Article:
One, it seems to be factually incorrect relative to the OT--women apparently developed increasing amounts of 'access' over time (contra Lerner, WS:TCP:176-177).
From the sage-like power of the Matriarchs, through the Wise Women of I Samuel, through the Wisdom-Woman in Proverbs, through the prophetesses, to the Queen-mothers, there was tremendous power exerted by women.
Women had the ear of kings, and, as the main 'newspaper' in Israel, had 'control' of the message of national history (cf. I Sam 18.7-8!).
Women of wealth and power are mentioned throughout the text (e.g. Miriam, patron of Elisha, Abigal, Queen of the South, Esther), although many powerful Jewish women abused this power and oppressed/exploited the poor (e.g. Amos 4.1; Is 3.11-17; Ezek 16.38).
We have already seen how they had access to legal power, and the widespread practice of 6-year servants (contracted by SOMEONE more wealthy!), means that affluence among some women was not unheard of!
If one takes the biblical narratives and 'adjusts for' (1) the large number of featureless male names in genealogies/lists; and (2) the large number of male characters in military scenes, one becomes impressed with how many participants in the biblical narratives are female, AND, with how much more often their words are recorded in more detail. (Remember, the longest quotes, songs, prayers, etc.--apart from GOD and an occasional king--originate with women).
At least in the OT documents, women do NOT seem to face major difficulties in being used by God to further His kingdom!
The second problem I have with this pushback is theological.
Simply stated, "access to social and cultural power" is NOT a Judeo-Christian value! "Access to servanthood" is! Compare the words of Jesus Christ:
Jesus called them together and said, "You know that those who are regarded as rulers of the Gentiles lord it over them, and their high officials exercise authority over them. 43 Not so with you. Instead, whoever wants to become great among you must be your servant, 44 and whoever wants to be first must be slave of all. 45 For even the Son of Man did not come to be served, but to serve, and to give his life as a ransom for many." (Mrk 10.42ff)And He specifically told us to be faithful with what we CURRENTLY HAVE, and that "access to power" is a increased responsibility that comes from the Lord:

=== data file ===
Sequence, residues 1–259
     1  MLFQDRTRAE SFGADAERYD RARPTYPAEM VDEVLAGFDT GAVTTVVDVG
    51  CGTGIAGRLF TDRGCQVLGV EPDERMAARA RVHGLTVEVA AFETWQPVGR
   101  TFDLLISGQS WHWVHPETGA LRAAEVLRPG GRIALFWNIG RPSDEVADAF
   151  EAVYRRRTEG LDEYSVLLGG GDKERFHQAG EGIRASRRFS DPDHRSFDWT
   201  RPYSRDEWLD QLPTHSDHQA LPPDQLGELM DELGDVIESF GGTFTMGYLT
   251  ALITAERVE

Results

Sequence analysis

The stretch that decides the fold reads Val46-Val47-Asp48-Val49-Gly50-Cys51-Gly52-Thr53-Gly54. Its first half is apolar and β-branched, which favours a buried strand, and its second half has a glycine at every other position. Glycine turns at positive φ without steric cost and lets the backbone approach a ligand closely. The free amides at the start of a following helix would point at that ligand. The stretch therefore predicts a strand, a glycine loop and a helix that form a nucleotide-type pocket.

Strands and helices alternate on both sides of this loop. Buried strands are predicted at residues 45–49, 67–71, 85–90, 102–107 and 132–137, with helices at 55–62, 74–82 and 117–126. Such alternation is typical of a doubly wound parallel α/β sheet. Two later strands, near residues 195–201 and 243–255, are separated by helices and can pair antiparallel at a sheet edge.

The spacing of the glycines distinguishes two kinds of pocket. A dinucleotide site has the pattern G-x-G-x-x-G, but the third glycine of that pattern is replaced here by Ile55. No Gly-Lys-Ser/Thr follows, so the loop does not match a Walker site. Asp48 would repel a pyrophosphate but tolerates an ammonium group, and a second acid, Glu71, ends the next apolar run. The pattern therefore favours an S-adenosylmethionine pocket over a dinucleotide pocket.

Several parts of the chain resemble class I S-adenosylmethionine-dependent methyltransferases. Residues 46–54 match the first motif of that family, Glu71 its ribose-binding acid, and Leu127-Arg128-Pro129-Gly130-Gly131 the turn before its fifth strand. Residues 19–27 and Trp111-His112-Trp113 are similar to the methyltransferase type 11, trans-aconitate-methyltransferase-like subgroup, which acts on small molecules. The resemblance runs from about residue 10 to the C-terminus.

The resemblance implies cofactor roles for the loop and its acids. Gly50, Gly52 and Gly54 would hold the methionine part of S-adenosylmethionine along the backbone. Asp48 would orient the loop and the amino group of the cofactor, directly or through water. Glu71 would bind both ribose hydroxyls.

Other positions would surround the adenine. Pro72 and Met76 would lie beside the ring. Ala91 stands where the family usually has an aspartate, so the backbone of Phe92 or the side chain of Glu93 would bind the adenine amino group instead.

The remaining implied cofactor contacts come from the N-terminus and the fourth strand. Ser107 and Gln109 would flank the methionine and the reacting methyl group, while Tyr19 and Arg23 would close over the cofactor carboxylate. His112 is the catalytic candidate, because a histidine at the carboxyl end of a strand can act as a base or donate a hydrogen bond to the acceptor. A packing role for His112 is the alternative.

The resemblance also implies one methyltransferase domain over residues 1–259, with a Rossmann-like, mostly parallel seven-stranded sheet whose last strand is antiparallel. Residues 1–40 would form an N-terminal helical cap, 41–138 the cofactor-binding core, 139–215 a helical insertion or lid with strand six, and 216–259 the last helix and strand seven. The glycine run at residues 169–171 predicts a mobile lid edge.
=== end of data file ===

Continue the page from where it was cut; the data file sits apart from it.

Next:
"His master replied, `Well done, good and faithful servant! You have been faithful with a few things; I will put you in charge of many things. (Mt 25.21)Now this is NOT to say that "access to social and cultural power" is a BAD thing; only that it can easily be distorted into a 'lust for power' that is decidedly un-Christian.
And this is NOT to say that we should refuse "access to social and cultural power"--the wealthy were told to USE their resources for God (I Tim 6.17f: Command those who are rich in this present world not to be arrogant nor to put their hope in wealth, which is so uncertain, but to put their hope in God, who richly provides us with everything for our enjoyment.
18 Command them to do good, to be rich in good deeds, and to be generous and willing to share.), unless that wealth stopped them from coming to Jesus--in which case it needed to be "de-prioritized" radically--cf. The Rich Young Ruler in Luke 18.18ff.
It is obvious in the way God used women in the OT that He considered many, many of them faithful stewards, who earned more responsibility in the course of their lives. They did not necessarily seek it, but they were faithful in "the place where God called them" (I Cor 7.17,20,24).
Power is simply NOT a 'thing to be sought after'--Zech 4.6:So he said to me, "This is the word of the LORD to Zerubbabel: `Not by might nor by power, but by my Spirit,' says the LORD Almighty.
So, the objection is factually wrong, but more importantly, it is misguided in the value-system it represents.